Poetry as I know it is an elegant dance. Strokes and splashes make meaning from memory and makes meaning from objects, and art into words. Like brushstrokes in a painting, words can transform onto a page to create a multidimensional world. With words, a poet can create crisp images and evocative descriptions that capture sensory perceptions in the ‘mind’s’ eye.

The few workshops I have taken on poetry have always drawn something out of me. On the last evening, I was thrilled when Gina gave us another prose poem to study, then pick five words that resonated with you personally, and write.

The birch sways with an imbalance

and I worship with a prayer of wild violets.

The darkness rises above my head

and the trunk of the birch splits dark red.

Rising is unreachable, filling my eyes

with evening rain, and peace wanders in

like a garden.

Give poetry another look.  


Thursday prompt 9.15.22 Aroma!

Smell is the first sense we are aware of and the last sense we may lose. Smell is attached to memory, a whiff of a familiar scent may instantly bring up a memory from your childhood for instance. Write about smells from your childhood—list five you remember well, then choose one to explore. What associations do you have with that smell? Such as early morning aromas from the kitchen, certain holidays as you walked into a room, smells from a farm, summer cut hay, cough syrup? What other emotional memory goes along with it?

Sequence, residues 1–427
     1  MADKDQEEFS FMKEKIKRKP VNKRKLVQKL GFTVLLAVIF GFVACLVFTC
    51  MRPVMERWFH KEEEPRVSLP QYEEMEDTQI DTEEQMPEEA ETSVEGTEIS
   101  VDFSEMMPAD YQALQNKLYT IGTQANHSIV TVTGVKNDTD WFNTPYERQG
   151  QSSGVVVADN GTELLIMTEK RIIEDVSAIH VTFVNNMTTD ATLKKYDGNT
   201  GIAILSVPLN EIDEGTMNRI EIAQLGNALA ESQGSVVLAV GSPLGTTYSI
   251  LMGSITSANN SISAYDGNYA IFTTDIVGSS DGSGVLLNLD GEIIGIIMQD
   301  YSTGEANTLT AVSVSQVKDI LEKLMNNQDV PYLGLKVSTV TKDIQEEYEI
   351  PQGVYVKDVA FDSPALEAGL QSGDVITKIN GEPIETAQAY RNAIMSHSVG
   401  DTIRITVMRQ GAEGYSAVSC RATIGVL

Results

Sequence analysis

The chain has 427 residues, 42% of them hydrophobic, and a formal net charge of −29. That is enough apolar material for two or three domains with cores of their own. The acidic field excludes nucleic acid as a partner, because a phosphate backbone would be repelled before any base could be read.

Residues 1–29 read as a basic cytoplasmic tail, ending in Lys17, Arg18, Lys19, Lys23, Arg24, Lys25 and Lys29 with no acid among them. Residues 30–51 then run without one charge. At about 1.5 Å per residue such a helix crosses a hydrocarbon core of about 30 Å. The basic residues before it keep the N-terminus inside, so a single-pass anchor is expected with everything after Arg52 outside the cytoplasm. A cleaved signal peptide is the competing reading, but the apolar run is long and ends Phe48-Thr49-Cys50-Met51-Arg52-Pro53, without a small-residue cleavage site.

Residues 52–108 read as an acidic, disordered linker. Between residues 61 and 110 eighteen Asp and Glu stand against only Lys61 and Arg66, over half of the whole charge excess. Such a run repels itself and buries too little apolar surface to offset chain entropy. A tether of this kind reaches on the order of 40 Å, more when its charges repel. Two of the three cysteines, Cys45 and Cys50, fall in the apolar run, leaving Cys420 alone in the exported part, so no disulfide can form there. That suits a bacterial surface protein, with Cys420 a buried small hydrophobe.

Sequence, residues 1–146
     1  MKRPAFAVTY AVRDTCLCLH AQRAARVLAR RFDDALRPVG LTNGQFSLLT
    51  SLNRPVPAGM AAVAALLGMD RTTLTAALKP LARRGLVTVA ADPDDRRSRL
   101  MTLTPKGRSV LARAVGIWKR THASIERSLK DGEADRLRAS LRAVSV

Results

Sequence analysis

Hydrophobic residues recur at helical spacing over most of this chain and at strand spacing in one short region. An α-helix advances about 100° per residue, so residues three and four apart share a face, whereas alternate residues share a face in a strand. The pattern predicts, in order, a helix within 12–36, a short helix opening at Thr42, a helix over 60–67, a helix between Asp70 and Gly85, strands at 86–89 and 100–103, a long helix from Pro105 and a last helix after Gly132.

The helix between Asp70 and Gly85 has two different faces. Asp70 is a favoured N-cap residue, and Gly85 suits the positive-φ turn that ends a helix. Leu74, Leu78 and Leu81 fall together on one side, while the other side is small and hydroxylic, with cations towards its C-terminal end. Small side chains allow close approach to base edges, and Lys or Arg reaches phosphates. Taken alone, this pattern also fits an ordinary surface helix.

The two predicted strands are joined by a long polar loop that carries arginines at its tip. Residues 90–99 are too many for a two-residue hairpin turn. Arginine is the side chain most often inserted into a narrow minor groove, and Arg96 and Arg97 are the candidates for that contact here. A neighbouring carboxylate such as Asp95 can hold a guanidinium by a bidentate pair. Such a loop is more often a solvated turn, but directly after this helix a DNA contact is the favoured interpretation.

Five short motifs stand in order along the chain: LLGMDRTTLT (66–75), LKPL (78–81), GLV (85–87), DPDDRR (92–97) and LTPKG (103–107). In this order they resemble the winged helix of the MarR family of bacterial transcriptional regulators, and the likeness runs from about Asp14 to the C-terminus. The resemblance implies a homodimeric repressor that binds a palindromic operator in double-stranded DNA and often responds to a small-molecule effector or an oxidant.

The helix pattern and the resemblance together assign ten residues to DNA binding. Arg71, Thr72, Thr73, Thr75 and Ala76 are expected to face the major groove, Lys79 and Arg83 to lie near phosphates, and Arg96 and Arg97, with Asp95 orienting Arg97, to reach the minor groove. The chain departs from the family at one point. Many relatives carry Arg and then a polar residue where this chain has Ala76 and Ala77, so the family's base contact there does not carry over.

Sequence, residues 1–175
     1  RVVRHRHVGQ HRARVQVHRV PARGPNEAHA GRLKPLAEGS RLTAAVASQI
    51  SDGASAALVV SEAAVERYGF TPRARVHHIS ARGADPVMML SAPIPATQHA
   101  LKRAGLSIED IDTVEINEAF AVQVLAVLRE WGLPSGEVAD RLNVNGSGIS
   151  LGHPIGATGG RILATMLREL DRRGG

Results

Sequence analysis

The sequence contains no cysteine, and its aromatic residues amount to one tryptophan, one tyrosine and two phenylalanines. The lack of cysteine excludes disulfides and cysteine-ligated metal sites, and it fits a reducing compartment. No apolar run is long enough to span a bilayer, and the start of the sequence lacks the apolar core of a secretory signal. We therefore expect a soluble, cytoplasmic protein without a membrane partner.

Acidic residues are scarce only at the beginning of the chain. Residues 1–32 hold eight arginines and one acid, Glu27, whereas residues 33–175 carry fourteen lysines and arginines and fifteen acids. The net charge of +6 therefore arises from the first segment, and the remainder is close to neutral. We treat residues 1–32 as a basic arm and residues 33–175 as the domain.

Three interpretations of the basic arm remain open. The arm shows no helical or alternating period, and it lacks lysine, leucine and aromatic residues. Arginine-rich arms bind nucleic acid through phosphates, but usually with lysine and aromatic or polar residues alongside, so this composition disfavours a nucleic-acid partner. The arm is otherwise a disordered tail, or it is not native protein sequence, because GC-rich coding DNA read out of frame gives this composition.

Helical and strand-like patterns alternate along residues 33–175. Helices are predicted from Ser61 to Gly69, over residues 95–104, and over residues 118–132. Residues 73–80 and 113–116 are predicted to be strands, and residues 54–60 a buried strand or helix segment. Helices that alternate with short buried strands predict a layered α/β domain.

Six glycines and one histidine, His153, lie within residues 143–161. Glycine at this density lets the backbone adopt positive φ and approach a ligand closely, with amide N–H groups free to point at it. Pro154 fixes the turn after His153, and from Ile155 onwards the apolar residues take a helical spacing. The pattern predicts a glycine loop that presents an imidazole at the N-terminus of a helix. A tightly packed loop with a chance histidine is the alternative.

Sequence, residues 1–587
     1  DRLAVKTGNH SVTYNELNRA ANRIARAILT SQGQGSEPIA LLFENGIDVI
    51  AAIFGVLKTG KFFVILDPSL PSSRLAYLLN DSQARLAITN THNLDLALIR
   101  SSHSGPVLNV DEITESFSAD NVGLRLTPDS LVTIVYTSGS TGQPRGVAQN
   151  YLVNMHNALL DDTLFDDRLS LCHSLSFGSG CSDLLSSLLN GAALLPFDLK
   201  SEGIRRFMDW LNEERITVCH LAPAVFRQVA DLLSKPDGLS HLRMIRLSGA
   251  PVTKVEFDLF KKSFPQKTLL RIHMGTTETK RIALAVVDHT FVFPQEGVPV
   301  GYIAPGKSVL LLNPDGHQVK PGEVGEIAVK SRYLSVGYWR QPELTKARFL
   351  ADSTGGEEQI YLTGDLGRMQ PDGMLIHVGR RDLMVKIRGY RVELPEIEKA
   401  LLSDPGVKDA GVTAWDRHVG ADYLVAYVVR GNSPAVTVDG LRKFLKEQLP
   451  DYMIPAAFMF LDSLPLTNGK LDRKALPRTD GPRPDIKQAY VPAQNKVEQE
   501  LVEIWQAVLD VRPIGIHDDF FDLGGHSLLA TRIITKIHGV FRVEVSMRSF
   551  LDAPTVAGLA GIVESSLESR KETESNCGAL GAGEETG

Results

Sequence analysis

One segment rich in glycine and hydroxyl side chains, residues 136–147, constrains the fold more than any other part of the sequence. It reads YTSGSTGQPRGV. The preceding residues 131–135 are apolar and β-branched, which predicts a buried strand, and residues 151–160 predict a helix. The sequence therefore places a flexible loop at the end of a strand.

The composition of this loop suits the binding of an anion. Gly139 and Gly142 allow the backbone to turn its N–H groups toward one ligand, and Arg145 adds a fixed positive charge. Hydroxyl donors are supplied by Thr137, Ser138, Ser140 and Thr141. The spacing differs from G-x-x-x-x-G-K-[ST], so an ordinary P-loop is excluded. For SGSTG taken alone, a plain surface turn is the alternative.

Time Holds You In Its Hands

Snow came down harder and harder, over and over, day after day.  Each morning I looked out the little guest room window I shared with my father, I groaned at the site, wondering how the van driver could get up the long sidewalk, now buried under snow, to wheel my dad back to the van for dialysis a mile away.

View outside parent’s apartment

Seven days prior my mother called to say dad was in the hospital with double pneumonia.  At age eighty-five and failing kidneys, I made a quick decision to fly to Illinois and of course upon my arrival was the very first approaching winter snow storm in the Midwest.